A Farewell (Poem by Alfred, Lord Tennyson)

A Farewell - Analysis:
  • The narrator is writing about a small rivulet which he knows well but will not visit again in the future.
  • The poem is taken to mean that the narrator is thinking about his own death.
  • There is a contrasting of the potentially eternal presence of the rivulet with his own limited time on this earth.
  • There is also the comparison of his life fading away, as the rivulet fades into a river, and eventually the sea.
  • By using the nature theme, Tennyson is reminding us of how small we really are compared with the world & the universe.
  • The line “not by thee my steps shall be” is said so very matter-of-factly, that it suggests there is no regret by the narrator, for he has lived a good life.

A Farewell

Flow down, cold rivulet, to the sea,
Thy tribute wave deliver:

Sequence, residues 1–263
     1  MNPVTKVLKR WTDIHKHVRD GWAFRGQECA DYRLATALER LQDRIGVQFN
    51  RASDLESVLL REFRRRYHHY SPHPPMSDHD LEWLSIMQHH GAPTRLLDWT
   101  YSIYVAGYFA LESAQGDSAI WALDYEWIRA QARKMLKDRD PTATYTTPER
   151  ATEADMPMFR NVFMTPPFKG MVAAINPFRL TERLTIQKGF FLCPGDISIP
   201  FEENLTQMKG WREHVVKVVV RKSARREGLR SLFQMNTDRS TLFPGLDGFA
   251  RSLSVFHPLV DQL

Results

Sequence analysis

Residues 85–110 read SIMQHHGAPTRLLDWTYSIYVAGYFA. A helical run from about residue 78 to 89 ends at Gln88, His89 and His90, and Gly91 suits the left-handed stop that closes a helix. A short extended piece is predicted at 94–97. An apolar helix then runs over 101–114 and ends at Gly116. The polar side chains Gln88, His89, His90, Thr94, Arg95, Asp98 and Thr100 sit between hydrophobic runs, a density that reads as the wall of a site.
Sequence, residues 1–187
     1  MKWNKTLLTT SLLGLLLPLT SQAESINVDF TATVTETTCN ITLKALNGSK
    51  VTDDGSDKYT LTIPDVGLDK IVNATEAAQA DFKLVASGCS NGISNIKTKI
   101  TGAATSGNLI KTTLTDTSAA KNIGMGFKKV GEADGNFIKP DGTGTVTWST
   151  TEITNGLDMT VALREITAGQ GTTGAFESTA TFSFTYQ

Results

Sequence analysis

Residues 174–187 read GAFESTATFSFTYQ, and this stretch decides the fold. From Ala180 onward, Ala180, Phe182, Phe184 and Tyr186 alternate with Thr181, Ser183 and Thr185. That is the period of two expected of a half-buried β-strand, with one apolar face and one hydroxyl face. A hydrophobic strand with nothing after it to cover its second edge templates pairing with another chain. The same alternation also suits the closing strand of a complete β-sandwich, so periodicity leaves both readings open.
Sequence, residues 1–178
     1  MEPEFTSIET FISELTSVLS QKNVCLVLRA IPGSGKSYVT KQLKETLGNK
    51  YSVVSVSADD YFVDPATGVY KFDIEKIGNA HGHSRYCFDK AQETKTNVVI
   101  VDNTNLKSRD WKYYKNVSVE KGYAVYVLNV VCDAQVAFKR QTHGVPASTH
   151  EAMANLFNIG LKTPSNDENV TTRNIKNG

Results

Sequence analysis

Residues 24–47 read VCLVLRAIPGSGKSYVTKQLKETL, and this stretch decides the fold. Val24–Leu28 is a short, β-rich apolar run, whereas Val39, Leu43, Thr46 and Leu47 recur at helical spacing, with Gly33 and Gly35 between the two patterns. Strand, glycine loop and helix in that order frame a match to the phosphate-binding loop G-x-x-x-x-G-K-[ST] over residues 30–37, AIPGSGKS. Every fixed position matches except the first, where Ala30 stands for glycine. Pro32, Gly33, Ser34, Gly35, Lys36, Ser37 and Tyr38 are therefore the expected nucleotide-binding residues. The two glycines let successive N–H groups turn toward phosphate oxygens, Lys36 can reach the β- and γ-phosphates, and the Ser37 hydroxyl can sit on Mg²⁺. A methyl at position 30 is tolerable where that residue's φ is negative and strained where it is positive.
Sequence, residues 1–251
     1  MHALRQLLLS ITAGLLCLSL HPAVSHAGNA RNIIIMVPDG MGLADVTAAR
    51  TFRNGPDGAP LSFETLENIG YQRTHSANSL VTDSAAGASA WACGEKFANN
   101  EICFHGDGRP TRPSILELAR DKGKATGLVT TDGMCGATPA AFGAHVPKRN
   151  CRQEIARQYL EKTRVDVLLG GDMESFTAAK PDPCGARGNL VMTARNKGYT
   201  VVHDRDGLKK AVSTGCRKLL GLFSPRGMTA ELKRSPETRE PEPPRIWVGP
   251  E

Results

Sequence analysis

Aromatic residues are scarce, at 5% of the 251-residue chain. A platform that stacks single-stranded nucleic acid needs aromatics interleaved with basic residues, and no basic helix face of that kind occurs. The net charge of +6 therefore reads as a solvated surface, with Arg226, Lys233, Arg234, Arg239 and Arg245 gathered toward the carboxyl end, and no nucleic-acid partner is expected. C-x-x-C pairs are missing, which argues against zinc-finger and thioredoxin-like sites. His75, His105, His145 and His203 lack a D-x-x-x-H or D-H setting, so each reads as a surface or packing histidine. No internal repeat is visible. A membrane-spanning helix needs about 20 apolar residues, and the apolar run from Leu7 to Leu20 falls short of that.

No more by thee my steps shall be,
For ever and for ever.

Flow, softly flow, by lawn and lea,
A rivulet then a river;
No where by thee my steps shall be,
For ever and for ever.

But here will sigh thine alder tree,
And here thine aspen shiver;
And here by thee will hum the bee,
For ever and for ever.

A thousand suns will stream on thee,
A thousand moons will quiver;
But not by thee my steps shall be,
For ever and for ever.

by Alfred, Lord Tennyson

Image Credit - Project Gutenberg Public Domain

Posted by ALCHEssMIST.
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